Procedures: Axillary Node Dissection

After this surgery you will have an incision under the arm and a plastic drainage tube (a Jackson Pratt Drain). This drainage tube will be connected to a plastic bulb which will collect fluid from the operative site. The drain will need to stay in place until the fluid stops draining, usually about a week after surgery. It is important to empty the drain bulb periodically and record the amount of drainage. When you return to the office for your post-operative check, the doctor will review your drainage record and decide if it is time for the drain to be removed. Once the drain has been removed the body will usually absorb any remaining fluid. We will arrange for a visiting nurse to come to your home for a day or two after your operation to assist you with the drain care until you and your family or caregiver are comfortable taking care of it yourselves. If you wish, you may take a shower with the drainage tube in place. Remove dressings prior to showering and replace any bandages around the drain site after drying off.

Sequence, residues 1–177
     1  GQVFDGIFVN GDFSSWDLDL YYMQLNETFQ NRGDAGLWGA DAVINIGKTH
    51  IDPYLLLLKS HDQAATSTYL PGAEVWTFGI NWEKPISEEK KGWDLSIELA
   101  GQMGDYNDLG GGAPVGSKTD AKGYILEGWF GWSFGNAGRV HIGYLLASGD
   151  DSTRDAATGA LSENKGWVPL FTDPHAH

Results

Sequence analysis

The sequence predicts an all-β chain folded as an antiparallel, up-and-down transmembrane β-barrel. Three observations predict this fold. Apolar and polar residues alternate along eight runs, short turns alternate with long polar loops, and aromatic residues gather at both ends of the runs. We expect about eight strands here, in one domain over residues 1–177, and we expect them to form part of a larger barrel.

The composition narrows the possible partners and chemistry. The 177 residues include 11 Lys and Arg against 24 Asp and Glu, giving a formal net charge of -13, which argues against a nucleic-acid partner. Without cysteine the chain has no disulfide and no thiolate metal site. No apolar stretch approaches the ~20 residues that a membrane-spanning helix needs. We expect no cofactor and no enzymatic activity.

After the drainage tube is removed some persons get swelling in the area. If the area of swelling is small it will probably resolve on its own. If there is a large amount of fluid accumulated it may need to be drained when you return to the office. Infections in this area are rare but if you have increasing pain, redness, swelling or fever, please call the office.

It is common to have numbness under the arm and extending down the arm to the elbow after this surgery. Some persons also experience a tingling or burning sensation in this area. Most of these sensations will eventually go away but may take up to 4-6 weeks to resolve. Most of the time there is an area of permanent numbness in the axilla itself.

Lymphedema, or swelling of the arm and hand on the side of the surgery, occurs about 20% of the time after this type of surgery. It is currently not possible to predict who will get this complication, but there are ways to keep it under control. The symptoms of this complication include pain, achiness or heaviness of the arm and swelling. If you notice any of these please call the office.

It is common for the arm and shoulder on the side of the surgery to be stiff and sore and to have a limited range of motion. For the first week after the surgery, please try to stretch the arm as far as you can in all directions. You will have pain when you do this but you will not cause any injury to yourself. Your doctor will tell you when it is time to begin further exercise to regain the full range of motion of your arm and shoulder.